There are 50 million rural homes without access to electricity, union Minister Piyush Goyal said.
[dropcap color=”#008040″ boxed=”yes” boxed_radius=”8px” class=”” id=””]M[/dropcap]inister of State (Independent Charge) for Power, Coal and New and Renewable Energy Goyal admitted the country could never become an economic superpower unless it ensured equal opportunities for people at the bottom of the pyramid, while addressing a session “Making India a Global Economic Superpower” at a Conference on Young Indians.
“Unless the person at the bottom of the pyramid gets equal opportunity to study, to be skilled and has the opportunity to move towards a better quality of life, we cannot become a super economic power ”
“To my mind, lack of electricity access in villages across the country is a serious concern for us as a nation.”
There are about 50 million homes which do not have access to electricity,” Goyal said.
Goyal said that, there were about 808 villages without any access to electricity in Arunachal Pradesh. “We are looking at off-grid solutions in the interim, while we are working on building a grid in Sikkim and Arunachal, which will take time.”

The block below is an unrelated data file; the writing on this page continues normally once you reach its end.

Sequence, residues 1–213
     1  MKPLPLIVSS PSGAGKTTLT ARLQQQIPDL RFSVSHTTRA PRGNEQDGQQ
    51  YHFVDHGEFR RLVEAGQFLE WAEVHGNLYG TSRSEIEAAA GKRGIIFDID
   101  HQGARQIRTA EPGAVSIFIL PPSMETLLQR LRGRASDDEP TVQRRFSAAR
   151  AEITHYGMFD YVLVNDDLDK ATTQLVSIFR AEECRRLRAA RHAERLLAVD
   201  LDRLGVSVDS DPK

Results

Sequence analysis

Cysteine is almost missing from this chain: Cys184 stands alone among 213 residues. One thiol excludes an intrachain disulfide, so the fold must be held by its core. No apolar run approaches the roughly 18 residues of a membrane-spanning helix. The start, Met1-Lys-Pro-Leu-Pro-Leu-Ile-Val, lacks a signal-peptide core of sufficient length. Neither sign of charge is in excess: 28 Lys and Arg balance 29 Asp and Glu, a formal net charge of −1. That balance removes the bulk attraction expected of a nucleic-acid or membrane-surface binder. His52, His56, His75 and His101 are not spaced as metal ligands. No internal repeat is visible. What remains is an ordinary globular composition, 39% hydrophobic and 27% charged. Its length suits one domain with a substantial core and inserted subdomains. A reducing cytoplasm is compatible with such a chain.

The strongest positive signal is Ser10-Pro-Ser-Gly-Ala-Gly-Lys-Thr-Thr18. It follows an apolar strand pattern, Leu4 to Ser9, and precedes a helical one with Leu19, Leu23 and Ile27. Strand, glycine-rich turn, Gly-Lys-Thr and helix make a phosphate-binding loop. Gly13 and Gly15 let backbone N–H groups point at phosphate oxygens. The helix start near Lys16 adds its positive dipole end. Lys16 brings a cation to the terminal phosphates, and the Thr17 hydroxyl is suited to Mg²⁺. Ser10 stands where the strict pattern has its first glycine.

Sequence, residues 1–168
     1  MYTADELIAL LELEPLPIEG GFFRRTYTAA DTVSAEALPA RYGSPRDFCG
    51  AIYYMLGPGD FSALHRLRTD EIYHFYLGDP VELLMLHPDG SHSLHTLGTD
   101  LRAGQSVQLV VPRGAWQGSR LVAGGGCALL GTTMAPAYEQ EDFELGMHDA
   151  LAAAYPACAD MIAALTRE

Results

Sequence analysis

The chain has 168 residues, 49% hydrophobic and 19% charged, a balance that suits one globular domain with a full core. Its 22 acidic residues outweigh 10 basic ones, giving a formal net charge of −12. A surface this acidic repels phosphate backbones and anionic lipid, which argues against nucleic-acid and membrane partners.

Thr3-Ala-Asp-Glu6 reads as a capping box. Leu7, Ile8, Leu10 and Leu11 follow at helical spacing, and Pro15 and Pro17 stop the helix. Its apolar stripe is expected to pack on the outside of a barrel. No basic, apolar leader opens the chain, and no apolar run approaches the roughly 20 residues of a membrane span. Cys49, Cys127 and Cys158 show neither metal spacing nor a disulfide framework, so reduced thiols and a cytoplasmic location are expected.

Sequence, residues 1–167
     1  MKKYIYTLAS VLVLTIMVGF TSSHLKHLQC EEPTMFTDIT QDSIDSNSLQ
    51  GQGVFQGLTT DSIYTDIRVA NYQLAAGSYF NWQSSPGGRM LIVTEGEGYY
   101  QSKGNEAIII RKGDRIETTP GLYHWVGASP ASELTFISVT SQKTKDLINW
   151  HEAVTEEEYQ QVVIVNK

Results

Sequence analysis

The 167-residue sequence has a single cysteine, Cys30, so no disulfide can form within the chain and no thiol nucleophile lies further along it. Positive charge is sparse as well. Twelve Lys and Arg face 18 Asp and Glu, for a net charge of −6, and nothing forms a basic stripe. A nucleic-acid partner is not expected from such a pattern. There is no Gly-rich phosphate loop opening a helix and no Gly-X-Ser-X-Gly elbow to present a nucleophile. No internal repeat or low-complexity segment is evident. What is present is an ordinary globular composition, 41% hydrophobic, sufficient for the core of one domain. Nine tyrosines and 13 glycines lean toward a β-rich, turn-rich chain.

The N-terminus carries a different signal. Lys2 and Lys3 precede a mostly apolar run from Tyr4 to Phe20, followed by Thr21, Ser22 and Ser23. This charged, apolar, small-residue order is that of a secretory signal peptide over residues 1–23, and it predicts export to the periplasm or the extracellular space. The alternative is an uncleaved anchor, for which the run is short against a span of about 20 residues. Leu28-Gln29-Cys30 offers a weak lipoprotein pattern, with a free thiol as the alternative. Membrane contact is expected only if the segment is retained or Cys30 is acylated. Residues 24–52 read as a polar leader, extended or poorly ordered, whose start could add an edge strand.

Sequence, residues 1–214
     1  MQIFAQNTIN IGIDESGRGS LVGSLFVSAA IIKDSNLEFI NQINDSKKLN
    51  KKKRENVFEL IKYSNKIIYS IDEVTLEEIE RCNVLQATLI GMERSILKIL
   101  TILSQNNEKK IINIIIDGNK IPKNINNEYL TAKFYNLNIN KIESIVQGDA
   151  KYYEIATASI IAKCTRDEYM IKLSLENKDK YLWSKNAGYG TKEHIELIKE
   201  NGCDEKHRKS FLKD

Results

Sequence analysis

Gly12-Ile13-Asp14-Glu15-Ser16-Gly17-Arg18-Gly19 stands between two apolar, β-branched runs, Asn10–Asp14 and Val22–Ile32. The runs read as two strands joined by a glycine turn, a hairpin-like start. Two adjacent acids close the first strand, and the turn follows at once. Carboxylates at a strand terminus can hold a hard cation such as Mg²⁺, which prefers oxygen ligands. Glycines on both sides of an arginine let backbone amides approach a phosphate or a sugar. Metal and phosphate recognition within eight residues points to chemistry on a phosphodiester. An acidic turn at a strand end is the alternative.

The minister said he felt India could become a superpower if the economies of scale are leveraged, greater degrees of transparency introduced and proper monitoring of work ensured.
[dropcap color=”#008040″ boxed=”yes” boxed_radius=”8px” class=”” id=””]”I[/dropcap]ndia is poised for decadal double digit growth in the days to come and is poised to become a superpower with a billion plus happy people.”
“India has the potential to transform and can move into the big league very rapidly if we leverage the economies of scale, bring in greater degrees of transparency and monitor work that has been undertaken,” he said.
Elaborating on the need to take a holistic view of the various programmes being implemented by the government, Goyal said: “There is a need to recognise the opportunities in the ecosystem and look at how these can be converted into an actionable agenda.”
Highlighting the success of one of the key programmes of the Ministry of Power, Goyal said, “The LED programme in India is going to result in savings of 100 billion units of electricity annually and will benefit the consumers directly. In monetary terms, it will lead to savings of $6.5 billion annually.”
“Given the environmental concerns, this programme will result in the reduction of about 80 million tons of carbon dioxide. This programme demonstrates how economies of scale can be leveraged to achieve a significant reduction in the cost of LED bulbs.”
Electricity sector in India
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